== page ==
Symptoms of cancer depend on the type and location of the tumor. For example, lung cancer can cause coughing, shortness of breath, or chest pain. Colon cancer often causes diarrhea, constipation, and blood in the stool.
Some cancers may not have any symptoms at all. In certain cancers, such as gallbladder cancer, symptoms often do not start until the disease has reached an advanced stage.
The following symptoms can occur with most cancers:
Loss of appetite
Half of all men and one-third of all women in the US will develop cancer during their lifetimes.
Being diagnosed with cancer is a process. It doesn’t happen all at once. If you have just gotten word you may have cancer, probably have cancer, or even do have cancer, the type and stage of your cancer may still be unknown. In many cases, the doctors can be pretty sure of the type and stage just from the initial studies, but sometimes even the type of cancer is in question for quite some time.
Cancer treatment depends on the type of cancer, the stage of the cancer (how much it has spread), age, health status, and additional personal characteristics. There is no single treatment for cancer, and patients often receive a combination of therapies and palliative care. Treatments usually fall into one of the following categories: surgery, radiation, chemotherapy, immunotherapy, hormone therapy, or gene therapy.
A few pointers:
1. Until a pathologist has examined a sample of your tumor from surgery or a biopsy, the exact type of cancer may not be known. For cancer in a number of organs, the vast majority of cancers are of the same type. For example almost all prostate cancers are adenocarciomas and a large majority of cervical cancers are squamous cell carcinoma. The grade and other cellular factors influencing your prognosis will also not be known until a sample of your tumor is examined. In a quite a few cases this may not happen until after surgery to remove the primary tumor.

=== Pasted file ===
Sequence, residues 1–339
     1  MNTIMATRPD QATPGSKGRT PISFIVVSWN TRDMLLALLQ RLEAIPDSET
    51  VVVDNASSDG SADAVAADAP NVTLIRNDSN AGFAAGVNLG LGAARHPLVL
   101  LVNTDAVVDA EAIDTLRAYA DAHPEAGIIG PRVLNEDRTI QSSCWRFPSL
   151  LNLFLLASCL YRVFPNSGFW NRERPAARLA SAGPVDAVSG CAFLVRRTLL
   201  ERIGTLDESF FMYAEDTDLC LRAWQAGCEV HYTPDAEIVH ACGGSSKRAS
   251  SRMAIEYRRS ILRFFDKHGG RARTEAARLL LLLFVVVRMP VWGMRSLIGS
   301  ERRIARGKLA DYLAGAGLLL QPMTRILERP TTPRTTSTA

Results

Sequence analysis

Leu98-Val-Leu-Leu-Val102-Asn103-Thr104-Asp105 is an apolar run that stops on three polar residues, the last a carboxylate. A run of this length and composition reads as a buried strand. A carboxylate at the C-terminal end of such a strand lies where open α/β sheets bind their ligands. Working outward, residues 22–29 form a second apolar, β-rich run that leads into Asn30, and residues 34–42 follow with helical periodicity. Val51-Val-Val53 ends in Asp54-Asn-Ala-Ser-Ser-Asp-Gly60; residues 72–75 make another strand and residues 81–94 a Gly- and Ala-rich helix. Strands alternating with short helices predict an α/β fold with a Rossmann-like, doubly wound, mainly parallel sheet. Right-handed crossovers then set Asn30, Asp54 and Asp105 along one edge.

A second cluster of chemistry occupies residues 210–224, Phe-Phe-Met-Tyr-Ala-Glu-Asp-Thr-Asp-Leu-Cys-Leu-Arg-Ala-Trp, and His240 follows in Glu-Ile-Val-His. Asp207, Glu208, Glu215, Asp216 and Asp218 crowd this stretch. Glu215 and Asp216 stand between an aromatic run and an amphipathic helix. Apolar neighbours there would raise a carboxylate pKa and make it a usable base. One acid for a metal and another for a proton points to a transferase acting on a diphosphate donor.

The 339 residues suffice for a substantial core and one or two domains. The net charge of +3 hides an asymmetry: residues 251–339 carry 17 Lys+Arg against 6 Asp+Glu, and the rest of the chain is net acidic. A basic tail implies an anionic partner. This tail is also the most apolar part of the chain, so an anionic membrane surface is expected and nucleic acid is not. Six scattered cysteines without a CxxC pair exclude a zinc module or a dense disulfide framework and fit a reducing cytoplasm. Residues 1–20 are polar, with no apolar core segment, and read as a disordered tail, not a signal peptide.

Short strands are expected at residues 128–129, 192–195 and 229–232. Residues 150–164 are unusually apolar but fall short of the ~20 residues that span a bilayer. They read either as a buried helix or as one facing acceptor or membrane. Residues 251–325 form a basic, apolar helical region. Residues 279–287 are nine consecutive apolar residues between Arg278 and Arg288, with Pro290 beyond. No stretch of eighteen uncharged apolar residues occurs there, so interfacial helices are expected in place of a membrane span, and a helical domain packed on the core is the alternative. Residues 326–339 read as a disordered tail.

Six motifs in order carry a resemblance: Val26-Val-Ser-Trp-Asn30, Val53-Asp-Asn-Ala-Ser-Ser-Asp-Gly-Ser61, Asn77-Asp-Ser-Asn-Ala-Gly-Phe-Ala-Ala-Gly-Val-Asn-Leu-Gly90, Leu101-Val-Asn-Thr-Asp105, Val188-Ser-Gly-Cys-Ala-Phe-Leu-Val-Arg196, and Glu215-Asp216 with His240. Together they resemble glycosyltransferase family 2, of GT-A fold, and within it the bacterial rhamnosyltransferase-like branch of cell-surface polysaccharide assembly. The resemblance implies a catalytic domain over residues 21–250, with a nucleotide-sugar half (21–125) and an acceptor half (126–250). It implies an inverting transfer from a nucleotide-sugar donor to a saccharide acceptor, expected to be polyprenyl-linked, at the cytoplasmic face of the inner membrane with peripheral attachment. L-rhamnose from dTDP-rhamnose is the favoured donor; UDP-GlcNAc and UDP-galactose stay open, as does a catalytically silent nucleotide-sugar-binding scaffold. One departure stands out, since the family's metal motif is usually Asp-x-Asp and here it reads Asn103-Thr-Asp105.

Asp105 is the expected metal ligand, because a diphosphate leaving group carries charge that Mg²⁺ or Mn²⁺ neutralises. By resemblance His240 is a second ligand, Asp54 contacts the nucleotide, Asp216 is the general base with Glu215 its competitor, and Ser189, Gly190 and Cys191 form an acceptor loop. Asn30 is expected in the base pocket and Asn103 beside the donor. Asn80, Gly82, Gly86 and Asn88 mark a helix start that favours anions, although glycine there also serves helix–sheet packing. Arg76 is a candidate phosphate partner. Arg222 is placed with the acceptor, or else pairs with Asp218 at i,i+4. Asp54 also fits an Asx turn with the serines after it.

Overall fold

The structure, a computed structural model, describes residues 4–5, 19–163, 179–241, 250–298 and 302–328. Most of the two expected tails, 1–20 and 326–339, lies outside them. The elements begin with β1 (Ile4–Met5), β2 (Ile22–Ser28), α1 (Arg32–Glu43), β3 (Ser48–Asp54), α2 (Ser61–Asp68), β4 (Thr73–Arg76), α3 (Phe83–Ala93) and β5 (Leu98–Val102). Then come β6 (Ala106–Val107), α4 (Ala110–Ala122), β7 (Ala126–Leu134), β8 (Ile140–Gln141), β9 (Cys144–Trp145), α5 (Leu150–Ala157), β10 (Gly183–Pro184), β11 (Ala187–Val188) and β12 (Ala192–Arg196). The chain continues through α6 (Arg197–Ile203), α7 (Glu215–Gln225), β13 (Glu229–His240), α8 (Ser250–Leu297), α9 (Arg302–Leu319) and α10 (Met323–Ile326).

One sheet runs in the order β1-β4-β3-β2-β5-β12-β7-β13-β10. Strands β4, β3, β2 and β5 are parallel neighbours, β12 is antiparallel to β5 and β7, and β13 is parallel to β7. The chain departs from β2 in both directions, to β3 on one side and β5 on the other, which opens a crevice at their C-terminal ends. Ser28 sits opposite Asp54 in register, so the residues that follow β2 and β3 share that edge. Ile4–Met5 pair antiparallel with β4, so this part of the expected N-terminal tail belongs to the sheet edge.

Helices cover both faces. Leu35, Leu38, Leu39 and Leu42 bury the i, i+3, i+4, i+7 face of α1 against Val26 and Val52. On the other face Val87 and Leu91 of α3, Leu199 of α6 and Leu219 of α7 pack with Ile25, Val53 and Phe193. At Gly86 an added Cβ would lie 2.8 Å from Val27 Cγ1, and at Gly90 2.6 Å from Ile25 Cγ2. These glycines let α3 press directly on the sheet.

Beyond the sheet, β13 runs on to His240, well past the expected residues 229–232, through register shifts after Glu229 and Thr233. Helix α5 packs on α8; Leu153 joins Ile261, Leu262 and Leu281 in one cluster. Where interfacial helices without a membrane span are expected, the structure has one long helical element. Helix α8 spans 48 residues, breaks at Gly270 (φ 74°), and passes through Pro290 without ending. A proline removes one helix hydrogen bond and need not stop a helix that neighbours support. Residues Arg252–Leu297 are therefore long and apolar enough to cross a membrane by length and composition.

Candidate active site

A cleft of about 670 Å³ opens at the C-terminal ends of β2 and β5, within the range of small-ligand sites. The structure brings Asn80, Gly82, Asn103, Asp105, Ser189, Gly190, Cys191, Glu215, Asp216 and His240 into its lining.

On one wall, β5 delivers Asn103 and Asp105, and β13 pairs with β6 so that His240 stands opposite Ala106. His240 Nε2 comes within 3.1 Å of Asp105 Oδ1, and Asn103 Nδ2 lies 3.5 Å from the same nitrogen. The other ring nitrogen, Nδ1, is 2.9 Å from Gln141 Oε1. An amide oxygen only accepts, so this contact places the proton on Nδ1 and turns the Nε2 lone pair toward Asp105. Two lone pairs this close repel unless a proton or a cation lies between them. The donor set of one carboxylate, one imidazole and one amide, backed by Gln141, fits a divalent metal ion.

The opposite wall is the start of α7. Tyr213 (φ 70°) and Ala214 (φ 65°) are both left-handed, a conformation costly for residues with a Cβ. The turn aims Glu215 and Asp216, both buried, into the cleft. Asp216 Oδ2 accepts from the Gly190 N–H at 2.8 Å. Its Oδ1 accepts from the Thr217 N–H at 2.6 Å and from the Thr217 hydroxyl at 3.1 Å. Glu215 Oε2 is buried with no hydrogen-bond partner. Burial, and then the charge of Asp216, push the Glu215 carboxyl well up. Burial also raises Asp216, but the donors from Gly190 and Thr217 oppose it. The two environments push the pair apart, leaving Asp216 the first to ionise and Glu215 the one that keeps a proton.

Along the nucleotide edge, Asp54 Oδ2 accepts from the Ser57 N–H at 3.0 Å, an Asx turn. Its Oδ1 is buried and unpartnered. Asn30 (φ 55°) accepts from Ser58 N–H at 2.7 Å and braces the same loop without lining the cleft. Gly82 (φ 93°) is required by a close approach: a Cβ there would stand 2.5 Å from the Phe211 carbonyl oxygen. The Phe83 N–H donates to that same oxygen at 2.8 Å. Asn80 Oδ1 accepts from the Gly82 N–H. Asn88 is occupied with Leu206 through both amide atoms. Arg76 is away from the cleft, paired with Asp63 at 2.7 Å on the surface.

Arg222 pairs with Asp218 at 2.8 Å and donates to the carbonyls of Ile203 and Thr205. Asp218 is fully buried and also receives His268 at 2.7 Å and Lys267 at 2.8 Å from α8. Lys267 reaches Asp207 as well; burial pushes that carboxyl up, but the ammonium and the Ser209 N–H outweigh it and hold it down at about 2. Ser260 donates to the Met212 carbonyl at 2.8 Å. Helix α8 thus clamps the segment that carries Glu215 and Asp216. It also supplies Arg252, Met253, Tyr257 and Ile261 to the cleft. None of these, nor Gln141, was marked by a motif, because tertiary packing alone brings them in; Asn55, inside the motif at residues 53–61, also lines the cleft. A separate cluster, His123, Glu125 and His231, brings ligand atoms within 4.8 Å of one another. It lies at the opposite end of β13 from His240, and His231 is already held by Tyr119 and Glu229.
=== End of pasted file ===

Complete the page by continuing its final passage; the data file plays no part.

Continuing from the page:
2. Before surgery to remove the primary tumor, the staging is only presumptive. The exact degree of spread is often impossible to determine until the pathologist examines the surgical specimen. The actual degree of lymph node involvement is often not known until after surgery. For some cancers, such as breast cancer, surgical procedures are done just to determine what stage your cancer is in, and/or whether the nodes are involved.
Despite these uncertainties, you can start researching the staging and treatment of the type of cancer you are suspected of having well before the final diagnosis is in. If you do, you will get far more out of your doctor visits, and you will be ready to make the important decisions ahead. Be prepared for surprises as new information comes in. Cancer is a real roller coaster, and you may have to change your direction many times before you are done.
Today, millions of people are living with cancer or have had cancer. The risk of developing most types of cancer can be reduced by changes in a person’s lifestyle, for example, by quitting smoking, limiting time in the sun, being physically active, and eating a better diet. The sooner a cancer is found and treated, the better the chances are for living for many years.
Remember, I’m not a doctor, I just sound like one.
Take good care of your self and live the best life possible!
This column is not intended to replace the proper medical advice from your doctor or other qualified medical professional.
Glenn Ellis, is a Health Advocacy Communications Specialist. He is the author of Which Doctor? and is a health columnist and radio commentator who lectures, and is an active media contributor nationally and internationally on health related topics.
For more good health information, visit: www.glennellis.com